Beyond Indiana Jones and Night at the Museum: Archaeology, Cultural Heritage and Museums in the Liberal Studies

Program at DePaul University. Morag M. Kersel, DePaul University “Lessons from the Trenches: The Pedagogy of Archaeology and Heritage” Electronic symposium for SAA Annual Meeting, April 18-22, 2012, Memphis, TN Co-organizers: Susan Bender and Phyllis Messenger

In the winter of 2010 I won the lottery. In a very tough job market I was offered tenure-track employment in the Anthropology Department at DePaul University. For the first time in 8 years I was going to live in the same city as my spouse and we would both be “gainfully” employed as anthropological archaeologists. Prior to starting at DePaul I held postdoctoral fellowships at Brown University and the University of Toronto – departments with both undergraduate and graduate students – at most I taught a course or two per year, predominantly comprised of majors in anthropology. At DePaul I would be teaching 6 courses per year, most of which would fulfill general education requirements in the Liberal Studies Program. During my first year at DePaul in Introduction to Archaeology and The Science of Archaeology I faced 40-45 non-majors many of whom were seniors fulfilling their last general education courses. In my second year I taught in the innovative freshman program Discover Chicago. My position at DePaul has been rewarding and enjoyable but I would be disingenuous if I did not admit to some tears of frustration. Making archaeology and museums relevant, educational, and engaging for students of business, marketing, economics, philosophy, and a host of other non-majors is often a challenge, but at the same time gratifying in ways I never envisioned. Early on I realized that, in classes for non-majors, my main competition came in the form of Ben Stiller as the night guard in Night at the Museum and Harrison Ford as Indiana Jones. In the following paper I want to highlight my pedagogical highs and lows from the trenches, looking beyond the prevailing role models presented by Hollywood towards a more enlightened and educational model of what museums and archaeology are and what archaeologists really do. In envisioning my new teaching challenges I was reminded of Hamilakis’ (2004: 296) paper on “Archaeology and the Politics of Pedagogy” in which he suggests “A cornerstone of a critical and emancipator pedagogy in archaeology should aim at unsettling common-sense preconceptions and demolish stories that have produced pasts to suit present-day practices and identities”. Hamilakis raised this notion with respect to challenging racist concepts in interpreting prehistory, but I wanted to co-opt his ideas for making archaeology relevant by confronting accepted mainstream archaeological 1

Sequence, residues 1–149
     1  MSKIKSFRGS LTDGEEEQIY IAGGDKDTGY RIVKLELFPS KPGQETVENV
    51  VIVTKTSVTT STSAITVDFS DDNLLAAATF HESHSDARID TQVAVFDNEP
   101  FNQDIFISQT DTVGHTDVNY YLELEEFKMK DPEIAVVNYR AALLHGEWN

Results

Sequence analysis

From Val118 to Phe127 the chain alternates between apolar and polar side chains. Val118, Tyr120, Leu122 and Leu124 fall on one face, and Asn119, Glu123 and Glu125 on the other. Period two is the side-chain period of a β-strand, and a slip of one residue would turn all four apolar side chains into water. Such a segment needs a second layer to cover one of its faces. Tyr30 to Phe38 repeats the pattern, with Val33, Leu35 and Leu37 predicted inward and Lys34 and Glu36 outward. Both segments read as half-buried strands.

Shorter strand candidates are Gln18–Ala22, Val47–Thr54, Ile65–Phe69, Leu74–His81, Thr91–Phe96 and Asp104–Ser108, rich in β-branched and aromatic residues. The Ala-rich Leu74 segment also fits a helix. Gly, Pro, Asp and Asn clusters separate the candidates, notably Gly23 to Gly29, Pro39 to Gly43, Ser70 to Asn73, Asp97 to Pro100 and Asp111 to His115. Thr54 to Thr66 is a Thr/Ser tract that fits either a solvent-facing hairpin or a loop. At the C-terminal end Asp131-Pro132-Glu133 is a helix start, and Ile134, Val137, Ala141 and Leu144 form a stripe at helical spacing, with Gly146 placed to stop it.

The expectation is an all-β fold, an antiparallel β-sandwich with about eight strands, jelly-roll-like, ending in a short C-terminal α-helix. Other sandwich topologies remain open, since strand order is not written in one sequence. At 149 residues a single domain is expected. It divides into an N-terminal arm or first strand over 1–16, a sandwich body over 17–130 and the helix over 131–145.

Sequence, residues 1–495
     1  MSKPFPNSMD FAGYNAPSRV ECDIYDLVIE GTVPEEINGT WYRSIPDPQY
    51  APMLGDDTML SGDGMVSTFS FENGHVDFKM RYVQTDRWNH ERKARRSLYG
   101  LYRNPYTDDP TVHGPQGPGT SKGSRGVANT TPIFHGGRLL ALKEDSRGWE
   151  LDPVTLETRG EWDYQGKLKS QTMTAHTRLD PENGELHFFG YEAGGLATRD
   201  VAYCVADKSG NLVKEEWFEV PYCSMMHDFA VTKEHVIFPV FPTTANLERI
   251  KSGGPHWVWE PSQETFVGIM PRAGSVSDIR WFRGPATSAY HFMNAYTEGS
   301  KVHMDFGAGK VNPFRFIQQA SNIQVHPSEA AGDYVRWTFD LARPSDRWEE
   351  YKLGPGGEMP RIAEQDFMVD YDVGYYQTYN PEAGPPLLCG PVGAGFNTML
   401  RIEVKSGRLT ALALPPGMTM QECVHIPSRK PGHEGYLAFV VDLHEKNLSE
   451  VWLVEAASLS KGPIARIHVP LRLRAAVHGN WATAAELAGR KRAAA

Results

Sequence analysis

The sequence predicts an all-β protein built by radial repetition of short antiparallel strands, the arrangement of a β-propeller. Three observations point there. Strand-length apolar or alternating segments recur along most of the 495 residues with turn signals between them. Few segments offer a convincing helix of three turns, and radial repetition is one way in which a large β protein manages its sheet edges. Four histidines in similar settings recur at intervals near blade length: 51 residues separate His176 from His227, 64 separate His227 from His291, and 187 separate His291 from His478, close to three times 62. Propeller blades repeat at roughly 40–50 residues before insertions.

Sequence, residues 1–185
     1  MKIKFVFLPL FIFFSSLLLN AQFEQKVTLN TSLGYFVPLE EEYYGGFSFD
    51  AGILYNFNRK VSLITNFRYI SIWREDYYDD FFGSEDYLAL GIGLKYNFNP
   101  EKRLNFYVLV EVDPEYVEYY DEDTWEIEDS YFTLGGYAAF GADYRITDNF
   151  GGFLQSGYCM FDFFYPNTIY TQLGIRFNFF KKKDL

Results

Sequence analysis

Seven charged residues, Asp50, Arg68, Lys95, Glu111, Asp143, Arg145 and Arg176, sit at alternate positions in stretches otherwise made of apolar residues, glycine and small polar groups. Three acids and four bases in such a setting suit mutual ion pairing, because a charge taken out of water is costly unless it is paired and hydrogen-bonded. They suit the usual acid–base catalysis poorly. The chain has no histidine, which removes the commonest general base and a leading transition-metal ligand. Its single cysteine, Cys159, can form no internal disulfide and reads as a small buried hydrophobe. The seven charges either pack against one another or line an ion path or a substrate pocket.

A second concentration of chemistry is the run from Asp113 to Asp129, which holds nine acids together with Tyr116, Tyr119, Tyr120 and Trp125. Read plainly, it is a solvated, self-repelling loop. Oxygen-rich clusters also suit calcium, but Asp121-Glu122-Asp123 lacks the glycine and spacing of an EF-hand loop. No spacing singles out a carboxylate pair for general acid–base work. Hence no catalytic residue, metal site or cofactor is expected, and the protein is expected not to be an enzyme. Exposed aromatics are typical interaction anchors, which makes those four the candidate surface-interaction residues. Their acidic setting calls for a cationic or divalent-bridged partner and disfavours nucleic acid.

stereotypes and theories and by asking students to think critically about what they read in the pages of mainstream news sources and popular magazines (e.g. USA Today, Wall Street Journal, People and Vanity Fair). DePaul University and Anthropology With over 25,000 students, DePaul University is the largest Catholic undergraduate institution in the United States. With a fairly diverse ethnic makeup (61% Caucasian and 39% minority – Asian, Hispanic/Latino, African-American, Native American and Pacific Islanders), DePaul has a significant transfer, senior and first generation student population (over half) (http://www.depaul.edu/emm/facts/index.asp). “DePaul, in common with all universities, is dedicated to teaching, research, and public service. However, in pursuing its own distinctive purposes, among these three fundamental responsibilities this university places highest priority on programs of instruction and learning” (http://www.depaul.edu/about/Pages/default.aspx). The website proclaims “You come here to learn, your professors come here to teach”, DePaul first and foremost is a teaching institution, with major emphasis placed on undergraduate instruction. The Anthropology Department, part of the College of Liberal Arts and Social Sciences (LAS), has 7 full time faculty and about the same number of contingent (adjunct and visiting) instructors who teach a wide range of anthropology courses, with a focus on applied practice and service learning (a core element of the DePaul Mission). We do not follow a traditional four-field approach to anthropology, choosing to focus instead on applied practice in our course offerings. We require all of our majors (100+) to participate in an archaeological field school and to take courses in ethics and professionalism, ethnographic research methods and applied-practice. DePaul University is committed to service-learning and many of our courses involve hands-on projects at local museums, nonprofit organizations, and educational institutions. As members of the College of Liberal Arts and Social Sciences students majoring in anthropology are also required to take courses in Liberal Studies Program (LSP ) as part of their core curriculum. Faculty members in the anthropology department teach core courses in LSP, and it is this element of my teaching and undergraduate education that is highlighted in the following. Liberal Studies Program at DePaul The Liberal Studies Program (LSP) is the common curriculum taken by all students in the seven undergraduate colleges of DePaul University. Overall, the LSP is designed to develop students’ writing 2